Present The Benefits In The Beginning Of Your PitchPresentation skills
Pitching business ideas is becoming more of an art. Given how easy it is to get distracted as a human being, you must learn the best ways to captivate your audience from the start. To do this, there are some strategies that have been proven to work.
Too many presenters start with the typical introduction and dive right into the sections of the business. Then they state the problem, then the solution, team and so on. This is a surefire way to kill the entire room from boredom. Instead, grab the attention of your audience from the beginning and don’t lose it until the end.
There are some strategies and structures that have been proven to work. No single one is best, so it is important to them wisely. Most of them have one thing in common; they raise the level of curiosity right from the beginning to the max!
Benefits go into the opening of your pitch because the most important thing your audience will think is; “What’s in it for me?”. The only thing your audience cares about is; “Will this work for me?”.
When pitching someone it is easy to just start blurting out your idea and delving straight into the details. But just because you are partial to a particular design or style does not mean others will share your sensibilities.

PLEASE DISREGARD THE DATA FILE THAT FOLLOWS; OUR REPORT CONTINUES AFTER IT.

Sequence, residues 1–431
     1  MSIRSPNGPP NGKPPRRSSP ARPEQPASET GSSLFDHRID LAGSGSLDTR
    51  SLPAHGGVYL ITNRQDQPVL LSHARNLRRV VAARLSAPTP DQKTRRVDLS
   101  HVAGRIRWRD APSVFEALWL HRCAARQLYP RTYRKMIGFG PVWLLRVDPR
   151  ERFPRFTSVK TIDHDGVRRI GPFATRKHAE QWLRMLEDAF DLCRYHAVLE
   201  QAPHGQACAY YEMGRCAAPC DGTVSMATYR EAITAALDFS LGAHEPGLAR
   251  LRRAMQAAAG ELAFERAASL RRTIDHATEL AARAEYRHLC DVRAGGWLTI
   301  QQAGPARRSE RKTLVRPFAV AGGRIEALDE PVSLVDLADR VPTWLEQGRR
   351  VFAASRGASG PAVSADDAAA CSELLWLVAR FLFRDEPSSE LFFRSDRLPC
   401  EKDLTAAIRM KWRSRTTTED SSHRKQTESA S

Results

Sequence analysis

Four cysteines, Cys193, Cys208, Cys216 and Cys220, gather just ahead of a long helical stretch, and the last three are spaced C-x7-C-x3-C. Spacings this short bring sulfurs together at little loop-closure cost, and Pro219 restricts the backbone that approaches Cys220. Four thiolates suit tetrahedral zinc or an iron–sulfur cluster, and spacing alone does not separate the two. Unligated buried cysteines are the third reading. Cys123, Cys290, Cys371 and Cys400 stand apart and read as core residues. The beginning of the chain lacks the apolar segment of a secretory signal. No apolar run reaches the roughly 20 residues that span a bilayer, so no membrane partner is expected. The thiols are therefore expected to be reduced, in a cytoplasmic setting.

There are many strategies to consider in opening your pitch. Think about it twice, because those first minutes can make or break you.
Regardless of the strategy, the direction of what you want to say should be heavily influenced by the takeaway.
The takeaway is that one thing you want the prospect to remember after listening to your pitch. It needs to be something that is very important to the client. And hopefully, it will differentiate you from competitors.
Develop the takeaway by asking yourself what is the one thing that could be most memorable about what you want to say. Then ask yourself why you want that point to be remembered. Keep asking that question of every answer until you are expressing what the benefit of the takeaway is for the client. Then build your opening around that.
There are lots of reasons you might not win a pitch, because of the price, personal chemistry, and your background. But, you should never lose a pitch because you presented poorly.